The school that I went to never let us go to the library. I'd run away every now and then pretending to go to the toilet and go to the library. I'd read books for 10 minutes. The librarian loved me and he started lending me books. I read about the slave trade in Class VI, Charles Dickens and Psychology in class VII. My mother has an elaborate library at home. What set me apart was, the whole class would memorise essays. I found that a problem, so I'd read a lot of magazines and newspapers and write an essay in my own words. The teachers would appreciate it. That set a new trend in our class.
Speaking up: Shehla at a protest | Express photo
Did you always want to study at JNU?
I didn't know about JNU until 2012. I joined a three-month course that year in IIMB on Women Leadership. They had a week-long exchange programme in JNU. For the first time, I gained a real understanding of gender. Since childhood, I was never satisfied with my teachers. But after a week in JNU, I was startled by the quality of teachers there. That made me prepare for the university's entrance. I felt that I started understanding issues and was encouraged to think originally.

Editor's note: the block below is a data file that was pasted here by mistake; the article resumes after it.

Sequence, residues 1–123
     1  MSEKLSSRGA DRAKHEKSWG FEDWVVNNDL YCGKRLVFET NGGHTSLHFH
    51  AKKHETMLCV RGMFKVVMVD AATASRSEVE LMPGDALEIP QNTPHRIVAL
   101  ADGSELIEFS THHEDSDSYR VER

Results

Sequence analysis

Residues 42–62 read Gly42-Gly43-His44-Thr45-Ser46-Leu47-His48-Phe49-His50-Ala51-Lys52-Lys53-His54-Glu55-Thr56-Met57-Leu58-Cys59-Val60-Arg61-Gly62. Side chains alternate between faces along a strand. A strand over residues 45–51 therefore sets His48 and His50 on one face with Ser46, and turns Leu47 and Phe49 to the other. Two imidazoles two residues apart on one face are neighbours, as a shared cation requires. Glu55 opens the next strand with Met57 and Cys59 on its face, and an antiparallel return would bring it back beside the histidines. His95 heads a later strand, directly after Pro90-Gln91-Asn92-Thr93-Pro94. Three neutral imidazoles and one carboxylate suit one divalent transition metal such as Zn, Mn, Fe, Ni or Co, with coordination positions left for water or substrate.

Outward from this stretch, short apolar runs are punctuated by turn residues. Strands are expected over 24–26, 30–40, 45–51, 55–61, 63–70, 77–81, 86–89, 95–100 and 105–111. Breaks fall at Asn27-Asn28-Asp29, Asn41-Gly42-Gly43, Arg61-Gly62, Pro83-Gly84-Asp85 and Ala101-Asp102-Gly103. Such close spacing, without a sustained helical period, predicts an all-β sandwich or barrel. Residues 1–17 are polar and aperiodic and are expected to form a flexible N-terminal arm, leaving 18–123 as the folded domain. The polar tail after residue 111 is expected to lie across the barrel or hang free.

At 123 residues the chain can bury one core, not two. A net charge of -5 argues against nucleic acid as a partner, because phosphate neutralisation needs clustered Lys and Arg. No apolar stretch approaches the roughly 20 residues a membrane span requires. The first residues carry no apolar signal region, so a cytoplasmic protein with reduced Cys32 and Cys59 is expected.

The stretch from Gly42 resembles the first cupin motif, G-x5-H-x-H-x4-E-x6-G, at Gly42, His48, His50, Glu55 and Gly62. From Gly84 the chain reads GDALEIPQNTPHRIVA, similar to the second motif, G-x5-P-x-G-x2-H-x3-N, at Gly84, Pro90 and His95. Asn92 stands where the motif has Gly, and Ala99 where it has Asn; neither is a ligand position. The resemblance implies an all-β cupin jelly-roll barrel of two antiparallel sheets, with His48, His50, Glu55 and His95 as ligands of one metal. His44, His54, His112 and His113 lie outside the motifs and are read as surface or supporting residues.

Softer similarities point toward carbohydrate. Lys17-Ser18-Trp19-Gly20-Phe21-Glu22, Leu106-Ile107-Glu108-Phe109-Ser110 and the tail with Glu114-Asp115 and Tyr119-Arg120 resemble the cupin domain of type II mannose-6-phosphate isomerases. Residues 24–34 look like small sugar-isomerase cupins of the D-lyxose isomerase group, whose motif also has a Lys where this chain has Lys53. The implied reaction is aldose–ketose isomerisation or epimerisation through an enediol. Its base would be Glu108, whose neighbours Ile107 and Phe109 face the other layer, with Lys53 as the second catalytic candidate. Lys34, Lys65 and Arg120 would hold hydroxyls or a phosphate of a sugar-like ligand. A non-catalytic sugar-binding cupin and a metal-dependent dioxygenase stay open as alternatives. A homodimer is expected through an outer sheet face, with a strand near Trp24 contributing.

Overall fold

How was life in JNU when the whole anti-national debate happened?
It was quite difficult at first. We didn't know how to deal with it. But the students of JNU stuck together and that gave us the strength to deal with it. Before that, I was active in the occupy UGC movement. This time, it was different. I couldn't believe that Kanhaiya was arrested. I was shocked.